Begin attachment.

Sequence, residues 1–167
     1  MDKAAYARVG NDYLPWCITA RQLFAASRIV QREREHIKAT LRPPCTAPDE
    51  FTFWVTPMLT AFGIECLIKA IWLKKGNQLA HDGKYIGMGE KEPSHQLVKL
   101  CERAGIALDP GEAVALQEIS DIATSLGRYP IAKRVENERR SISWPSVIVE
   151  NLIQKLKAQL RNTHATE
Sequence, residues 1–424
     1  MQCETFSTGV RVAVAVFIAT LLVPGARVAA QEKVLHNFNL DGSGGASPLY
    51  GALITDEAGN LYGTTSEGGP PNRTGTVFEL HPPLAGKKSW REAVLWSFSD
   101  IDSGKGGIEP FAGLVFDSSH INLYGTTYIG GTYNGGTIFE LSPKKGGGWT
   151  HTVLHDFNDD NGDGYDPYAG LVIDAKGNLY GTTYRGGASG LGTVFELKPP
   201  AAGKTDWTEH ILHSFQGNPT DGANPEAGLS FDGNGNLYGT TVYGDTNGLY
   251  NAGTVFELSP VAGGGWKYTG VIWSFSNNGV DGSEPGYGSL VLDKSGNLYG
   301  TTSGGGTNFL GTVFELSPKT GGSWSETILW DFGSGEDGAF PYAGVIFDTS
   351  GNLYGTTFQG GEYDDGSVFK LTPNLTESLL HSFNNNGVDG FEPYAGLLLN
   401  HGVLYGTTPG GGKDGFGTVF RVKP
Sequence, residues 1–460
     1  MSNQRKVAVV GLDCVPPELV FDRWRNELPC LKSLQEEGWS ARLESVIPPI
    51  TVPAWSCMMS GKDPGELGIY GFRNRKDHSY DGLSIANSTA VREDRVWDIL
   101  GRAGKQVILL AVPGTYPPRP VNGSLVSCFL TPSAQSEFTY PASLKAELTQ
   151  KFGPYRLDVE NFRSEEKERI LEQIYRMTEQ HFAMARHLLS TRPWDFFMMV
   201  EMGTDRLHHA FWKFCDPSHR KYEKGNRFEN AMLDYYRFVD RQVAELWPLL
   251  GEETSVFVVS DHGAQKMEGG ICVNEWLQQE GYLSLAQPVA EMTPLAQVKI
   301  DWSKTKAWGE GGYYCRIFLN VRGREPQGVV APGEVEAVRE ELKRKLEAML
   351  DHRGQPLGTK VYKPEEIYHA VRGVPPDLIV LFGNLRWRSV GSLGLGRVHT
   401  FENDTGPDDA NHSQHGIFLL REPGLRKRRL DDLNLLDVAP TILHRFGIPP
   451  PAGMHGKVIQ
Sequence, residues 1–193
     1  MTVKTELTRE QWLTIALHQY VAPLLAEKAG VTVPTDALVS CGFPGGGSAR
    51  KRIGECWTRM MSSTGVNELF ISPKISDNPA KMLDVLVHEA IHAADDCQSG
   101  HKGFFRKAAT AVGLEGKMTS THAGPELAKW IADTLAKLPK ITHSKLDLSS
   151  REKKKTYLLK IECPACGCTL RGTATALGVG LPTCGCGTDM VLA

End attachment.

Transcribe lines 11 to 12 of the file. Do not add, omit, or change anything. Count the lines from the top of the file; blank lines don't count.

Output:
   201  AAGKTDWTEH ILHSFQGNPT DGANPEAGLS FDGNGNLYGT TVYGDTNGLY
   251  NAGTVFELSP VAGGGWKYTG VIWSFSNNGV DGSEPGYGSL VLDKSGNLYG